I finished this book a few days ago and have been thinking about it since then. It’s a collection of linked short stories with the same first-person narrator in each one; it’s a powerful collection, moving and disturbing and beautifully written. This is very far from the usual sort of story I read — the narrator is a young man who is an alcoholic and drug addict who drifts through his life looking for more drugs, wandering here and there, meeting people, getting into trouble, getting high, and thinking about life.
He doesn’t tell us a whole lot of what he thinks about life, actually, as more often than not he seems to be trying not to think, but he comes out now and then with comments and judgments on the world around him that are all the more startling for being relatively rare. The narrator’s voice is haunting; he’s mostly matter-of-fact in the way he recounts his life, often using strings of short sentences or long sentences made up of strings of short phrases that seem not to reveal much until suddenly they reveal a whole lot. This is the way one story begins:
I was after a seventeen-year old belly dancer who was always in the company of a boy who claimed to be her brother, but he wasn’t her brother, he was just somebody who was in love with her, and she let him hang around because life can be that way.
This is a typical Denis Johnson sentence, I think, one that starts off a little bit shocking and becomes more complicated as you go on, and then ends with a phrase that takes you into another place entirely, some place larger and more thoughtful. Here’s how another story begins:
I’d been staying at the Holiday Inn with my girlfriend, honestly the most beautiful woman I’d even known, for three days under a phony name, shooting heroin. We made love in the bed, ate steaks at the restaurant, shot up in the john, puked, cried, accused one another, begged of one another, forgave, promised, and carried one another to heaven.
And you’ll find passages like this one, where the narrator starts off describing the events of a day and end up taking the measure of his life:
Georgie and I had a terrific time driving around. For a while the day was clear and peaceful. It was one of the moments you stay in, to hell with all the troubles of before and after. The sky is blue and the dead are coming back. Later in the afternoon, with sad resignation, the county fair bares its breasts. A champion of the drug LSD, a very famous guru of the love generation, is being interviewed amid a TV crew off to the left of the poultry cages. His eyeballs look like he bought them in a joke shop. It doesn’t occur to me, as I pity this extraterrestrial, that in my life I’ve taken as much as he has.
I’d like to keep giving you example after example of the writing, because it’s so beautiful and so stunning. You can see in the last quoted sentence that the narrator is looking back on his life, writing about it in some future time; occasionally he’ll make reference to how he has changed and what he has lost, sounding nostalgic at times for this youthful, free-wheeling life and culture. He mentions urban renewal a number of times, soon to become reality (the book is set in the early 70s), which will destroy the landscapes he knows, bleak ones, yes, but familiar ones too.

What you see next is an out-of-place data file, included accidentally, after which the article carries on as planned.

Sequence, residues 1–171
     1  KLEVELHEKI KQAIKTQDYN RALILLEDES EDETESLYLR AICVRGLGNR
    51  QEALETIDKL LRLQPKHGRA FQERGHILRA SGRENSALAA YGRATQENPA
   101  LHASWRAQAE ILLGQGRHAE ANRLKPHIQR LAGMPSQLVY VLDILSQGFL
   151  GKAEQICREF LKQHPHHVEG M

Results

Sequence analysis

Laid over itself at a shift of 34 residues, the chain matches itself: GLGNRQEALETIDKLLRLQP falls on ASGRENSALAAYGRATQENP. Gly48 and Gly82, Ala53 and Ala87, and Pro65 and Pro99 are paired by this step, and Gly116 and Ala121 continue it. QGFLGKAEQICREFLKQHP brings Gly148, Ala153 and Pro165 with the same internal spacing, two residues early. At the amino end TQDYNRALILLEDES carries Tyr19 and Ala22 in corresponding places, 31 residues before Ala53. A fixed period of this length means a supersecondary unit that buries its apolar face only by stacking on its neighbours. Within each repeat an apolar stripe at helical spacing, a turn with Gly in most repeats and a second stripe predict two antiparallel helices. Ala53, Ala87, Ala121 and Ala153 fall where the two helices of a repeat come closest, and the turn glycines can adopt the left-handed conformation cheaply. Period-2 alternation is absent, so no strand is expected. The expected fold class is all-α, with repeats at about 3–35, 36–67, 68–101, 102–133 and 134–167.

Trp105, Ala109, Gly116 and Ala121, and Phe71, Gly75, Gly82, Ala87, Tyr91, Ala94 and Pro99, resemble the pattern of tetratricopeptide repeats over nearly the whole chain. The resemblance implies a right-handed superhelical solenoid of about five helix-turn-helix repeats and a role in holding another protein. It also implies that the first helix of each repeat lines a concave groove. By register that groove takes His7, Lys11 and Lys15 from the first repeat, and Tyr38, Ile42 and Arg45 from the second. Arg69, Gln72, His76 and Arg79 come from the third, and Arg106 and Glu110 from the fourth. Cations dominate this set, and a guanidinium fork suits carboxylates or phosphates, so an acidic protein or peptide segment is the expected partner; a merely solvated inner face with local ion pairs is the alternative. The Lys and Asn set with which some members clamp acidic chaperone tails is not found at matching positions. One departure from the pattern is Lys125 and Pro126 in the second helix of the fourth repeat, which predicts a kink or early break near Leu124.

And yet he also is writing from the perspective of sober adulthood, knowing very well just what a harsh and difficult life he has led; the last story describes a narrator newly-sober and struggling to settle into a new life, offering the reader a hint of the narrator’s future trajectory. This last story is one of the best and most disturbing, I think; the narrator spends a lot of time spying on an unsuspecting couple in their home, longing to understand and maybe to imitate their normalcy. He can only gaze in on this conventionality from the outside, though, and the people he finds himself actually involved with are outcasts like himself. The story ends with this thought:
All these weirdos, and me getting a little better every day right in the midst of them. I had never known, never even imagined for a heartbeat, that there might be a place for people like us.
In spite of all the darkness, the collection ends with the possibility that the narrator will find his place after all, will figure out how to shape a life for himself.
From the collection’s title you will be able to guess that there are religious references throughout; these don’t occur all that often, but just enough so that you know the narrator has a spiritual awareness; he is aware of just how far he has strayed from God, perhaps, or maybe it’s that he feels that God has abandoned him and the world he sees around him. The title feels ironic at times — this guy is Jesus’ son? — and yet he also seems watched over, somehow, as though the older narrator knows that the younger version of himself will find a way out of the mess; if he won’t find salvation, exactly, he’ll find a new life:
There were many moments in the Vine like that one — where you might think today was yesterday, and yesterday was tomorrow, and so on. Because we all believed we were tragic, and we drank. We had that helpless, destined feeling. We would die with handcuffs on. We would be put a stop to, and it wouldn’t be our fault. So we imagined. And yet we were always being found innocent for ridiculous reasons.
To be found innocent for ridiculous reasons — that’s one version of salvation, I suppose.